Spain cuts growth forecast, keeps deficit targets
Spain cut its growth forecast on Wednesday and revised upwards its estimates for unemployment but said it was still on track to bring its public deficit to within EU limits by 2013.
Finance Minister Elena Salgado said the economy would grow 2.3 percent in 2012 rather than 2.5 percent, and by 2.4 percent in 2013 instead of 2.7 percent due to higher prices for commodities like oil and an expected increase in eurozone interest rates.
For this year, the government kept its forecast for growth at 1.3 percent.
"Internal demand is not growing but external demand is growing more than expected so we can keep our growth forecast," Salgado told a news conference.
The unemployment rate, already the highest among industrialised countries, will hit 19.8 percent this year instead of the 19.3 percent previously forecast.
The rate will ease to 18.5 percent in 2012, 17.3 percent in 2013 and 16 percent in 2014 but the figures are all higher than previously forecast by the government.
"These are figures which are more realistic," Salgado said.
Spain's unemployment rate stood at 20.33 percent at the end of 2010, the highest level in the Organisation for Economic Cooperation and Development.
The nation is battling to douse market fears that it will follow Greece and Ireland in seeking a multi-billion euro bailout from the IMF and the EU by slashing spending and introducing market reforms to boost growth.
The head of the IMF, France's Dominique Strauss-Kahn, said in an interview published Wednesday in Spanish daily El Pais that Madrid has taken the correct financial steps and had no need for international aid.
"I don't believe that the Spanish government needs any type of financial aid," he said.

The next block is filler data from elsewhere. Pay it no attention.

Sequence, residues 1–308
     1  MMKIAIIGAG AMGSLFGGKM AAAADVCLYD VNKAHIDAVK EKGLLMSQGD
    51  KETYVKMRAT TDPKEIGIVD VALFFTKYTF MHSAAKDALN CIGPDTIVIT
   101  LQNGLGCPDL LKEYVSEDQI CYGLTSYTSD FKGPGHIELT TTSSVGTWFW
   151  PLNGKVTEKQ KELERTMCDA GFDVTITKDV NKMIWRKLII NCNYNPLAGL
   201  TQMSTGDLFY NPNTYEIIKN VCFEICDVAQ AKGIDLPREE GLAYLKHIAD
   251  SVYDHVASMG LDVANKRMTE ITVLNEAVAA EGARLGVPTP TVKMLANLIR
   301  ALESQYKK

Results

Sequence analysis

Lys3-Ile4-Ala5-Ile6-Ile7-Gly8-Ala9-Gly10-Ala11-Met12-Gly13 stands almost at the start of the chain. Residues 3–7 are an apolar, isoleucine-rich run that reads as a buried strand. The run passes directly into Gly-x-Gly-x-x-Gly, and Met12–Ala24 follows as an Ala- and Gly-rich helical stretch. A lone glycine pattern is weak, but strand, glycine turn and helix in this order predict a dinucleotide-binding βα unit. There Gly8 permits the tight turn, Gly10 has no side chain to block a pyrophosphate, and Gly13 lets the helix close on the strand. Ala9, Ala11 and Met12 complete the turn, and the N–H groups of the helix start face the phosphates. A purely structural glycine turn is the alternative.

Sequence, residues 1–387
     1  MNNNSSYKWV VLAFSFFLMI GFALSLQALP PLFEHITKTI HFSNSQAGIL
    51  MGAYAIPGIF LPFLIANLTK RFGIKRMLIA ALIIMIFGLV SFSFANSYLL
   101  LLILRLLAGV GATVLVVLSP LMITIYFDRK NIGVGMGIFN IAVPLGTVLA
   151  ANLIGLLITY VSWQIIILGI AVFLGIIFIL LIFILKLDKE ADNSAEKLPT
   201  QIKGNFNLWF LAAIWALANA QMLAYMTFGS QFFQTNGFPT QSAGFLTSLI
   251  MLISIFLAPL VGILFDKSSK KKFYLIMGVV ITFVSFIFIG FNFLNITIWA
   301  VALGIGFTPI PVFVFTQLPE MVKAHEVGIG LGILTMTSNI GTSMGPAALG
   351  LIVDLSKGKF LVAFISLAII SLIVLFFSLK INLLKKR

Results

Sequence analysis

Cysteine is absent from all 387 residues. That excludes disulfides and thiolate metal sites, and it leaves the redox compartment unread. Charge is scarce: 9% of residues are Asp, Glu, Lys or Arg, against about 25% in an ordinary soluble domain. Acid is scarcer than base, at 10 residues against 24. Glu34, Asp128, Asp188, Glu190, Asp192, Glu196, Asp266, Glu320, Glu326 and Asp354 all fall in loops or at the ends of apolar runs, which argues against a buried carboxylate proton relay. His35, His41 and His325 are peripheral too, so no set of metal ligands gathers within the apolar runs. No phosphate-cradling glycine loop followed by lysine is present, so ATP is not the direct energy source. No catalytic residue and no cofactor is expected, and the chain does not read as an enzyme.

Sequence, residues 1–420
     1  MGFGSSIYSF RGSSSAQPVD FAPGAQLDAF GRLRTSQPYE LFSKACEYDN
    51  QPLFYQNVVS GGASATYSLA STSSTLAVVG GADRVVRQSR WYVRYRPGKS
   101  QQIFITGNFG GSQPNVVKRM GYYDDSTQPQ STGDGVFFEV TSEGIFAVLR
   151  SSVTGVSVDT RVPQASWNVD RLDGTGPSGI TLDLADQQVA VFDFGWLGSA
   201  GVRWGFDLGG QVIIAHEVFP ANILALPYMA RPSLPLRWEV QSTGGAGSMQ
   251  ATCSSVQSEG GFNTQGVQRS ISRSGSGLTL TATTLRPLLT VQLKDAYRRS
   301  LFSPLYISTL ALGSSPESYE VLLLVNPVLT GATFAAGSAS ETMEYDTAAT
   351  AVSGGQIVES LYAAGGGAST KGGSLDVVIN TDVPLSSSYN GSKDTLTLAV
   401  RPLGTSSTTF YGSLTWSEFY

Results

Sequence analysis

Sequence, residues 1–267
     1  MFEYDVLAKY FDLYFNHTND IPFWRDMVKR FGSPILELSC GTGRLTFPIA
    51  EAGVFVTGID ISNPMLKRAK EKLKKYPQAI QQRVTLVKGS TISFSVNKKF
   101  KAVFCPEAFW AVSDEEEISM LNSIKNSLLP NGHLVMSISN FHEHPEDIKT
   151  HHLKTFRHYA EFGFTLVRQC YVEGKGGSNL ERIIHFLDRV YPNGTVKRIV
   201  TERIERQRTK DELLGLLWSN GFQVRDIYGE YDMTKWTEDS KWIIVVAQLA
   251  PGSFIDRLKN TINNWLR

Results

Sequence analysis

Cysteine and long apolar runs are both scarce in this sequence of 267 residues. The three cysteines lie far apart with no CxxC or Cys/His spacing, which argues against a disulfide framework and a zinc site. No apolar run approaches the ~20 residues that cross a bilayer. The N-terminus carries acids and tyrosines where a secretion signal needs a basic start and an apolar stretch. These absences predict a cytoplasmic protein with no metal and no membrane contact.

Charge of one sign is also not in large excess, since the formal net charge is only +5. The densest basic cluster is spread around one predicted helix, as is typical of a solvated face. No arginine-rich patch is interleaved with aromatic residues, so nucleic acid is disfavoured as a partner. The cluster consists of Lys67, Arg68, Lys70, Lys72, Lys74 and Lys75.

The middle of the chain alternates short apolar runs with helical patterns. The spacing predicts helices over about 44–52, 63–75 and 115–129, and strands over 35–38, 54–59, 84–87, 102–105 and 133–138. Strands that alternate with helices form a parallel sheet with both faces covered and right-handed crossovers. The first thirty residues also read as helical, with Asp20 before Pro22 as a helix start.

"I believe that the policies that the Spanish government has implemented, as much on the fiscal side as in the reform of pensions, the labour market or in banking, are the correct policies."
The Spanish economy contracted 0.1 percent in 2010 after shrinking 3.7 percent in the previous year following the collapse of a property boom that had fueled growth for more than a decade.
Spain, Greece and Ireland were the only eurozone economies to shrink last year.
The government's forecasts for economic growth are still below those of the Bank of Spain which warned last month that the country will likely miss its public deficit targets this year and the next.
The central bank predicts the economy will expand by just 0.8 percent this year and 1.5 percent in 2012.
It estimates the deficit will be equal to 6.2 percent of output this year before falling to 5.2 percent in 2012.
The government predicts the deficit will hit 6.0 percent of output in 2011 and 4.4 percent next year before falling to the EU limit of 3.0 percent in 2013.
The European Central Bank is widely expected to raise its key interest rate when it meets on Thursday to keep inflation under control.
The ECB's key rate has been at a record low of 1.0 percent since May 2009 to support growth through the financial and credit crises.
Many economists have warned that a rate increase would put the brakes on growth at a time when many nations on the periphery of the eurozone like Spain are struggling with high debt and weak growth prospects.
A rate increase would raise borrowing costs for those countries when they already have trouble selling debt at affordable rates. It would also increase monthly payments for many homeowners with adjustable-rate mortgages, dampening consumer demand.
© 2011 AFP